Boston Scientific Microcatheter Wins FDA Approval

Chris Newmarker

November 21, 2013

2 Min Read
Boston Scientific Microcatheter Wins FDA Approval

The Direxion Torqueable Microcatheter--a microcatheter for shrinking tumors or blocking aneurysms--has won FDA and CE Mark approval, Boston Scientific recently announced.

The FDA granted the Direxion a 510(k) clearance because it retains the basic design of a previous Boston Scientific product, the Renegade Hi-Flo Microcatheter.

The catheters are for a technique called peripheral embolization in which interventional radiologists purposefully block a blood vessel to prevent blood flow to an area of the body. The procedure is used to treat liver cancer, uterine fibroids, and other challenging conditions.

Boston Scientific officials think the Direxion is an improvement in a number of ways: It is designed to maximize torque transmission, and provide better handling during the procedure. It has  six tip configurations and pre-loaded configurations designed to suit a range of peripheral embolization procedures.

"The Direxion Torqueable Microcatheter adds a completely new technology to our market-leading peripheral embolization portfolio, and its unique slotted nitinol hypotube technology will provide physicians with unrivaled handling characteristics," says Jeff Mirviss, president of peripheral interventions at Boston Scientific.

The Direxion also includes preloaded guidewires for physician convenience, which also required a change in packaging design, according to the FDA.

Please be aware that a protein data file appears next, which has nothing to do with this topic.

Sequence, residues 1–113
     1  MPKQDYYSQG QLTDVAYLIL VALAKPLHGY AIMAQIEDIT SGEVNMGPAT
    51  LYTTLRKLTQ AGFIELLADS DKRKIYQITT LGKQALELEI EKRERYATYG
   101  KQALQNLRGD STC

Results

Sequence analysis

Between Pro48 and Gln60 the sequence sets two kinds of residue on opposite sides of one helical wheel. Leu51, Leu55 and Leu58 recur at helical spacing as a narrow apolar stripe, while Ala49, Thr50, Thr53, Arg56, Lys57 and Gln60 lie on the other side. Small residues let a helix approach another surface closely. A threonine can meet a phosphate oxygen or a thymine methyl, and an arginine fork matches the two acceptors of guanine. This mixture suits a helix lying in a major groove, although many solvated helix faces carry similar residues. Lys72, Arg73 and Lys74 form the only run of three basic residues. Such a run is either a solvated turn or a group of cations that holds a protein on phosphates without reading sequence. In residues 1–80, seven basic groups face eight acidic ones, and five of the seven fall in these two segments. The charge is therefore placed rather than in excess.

The Direxion's approval provides a sign that Natick, MA-based Boston Scientific continues to get new products approved by regulators, even as it has engaged in a string of restructurings and layoffs..

The company this week also announced that its Deep Brain Stimulation System has received CE Mark approval for the treatment of a neurological movement disorder called  intractable primary and secondary dystonia.

Boston Scientific has also landed a CE Mark for its Lotus transcatheter aortic valve replacement (TAVR) device, which gives physicians a higher level of control than other devices on the market.

Despite a solid third quarter, Boston Scientific recently announced that it is  slashing at least 1100 positions around the world. Total layoffs could be as high as 1500. The firm announced a similar number of layoffs earlier this year.

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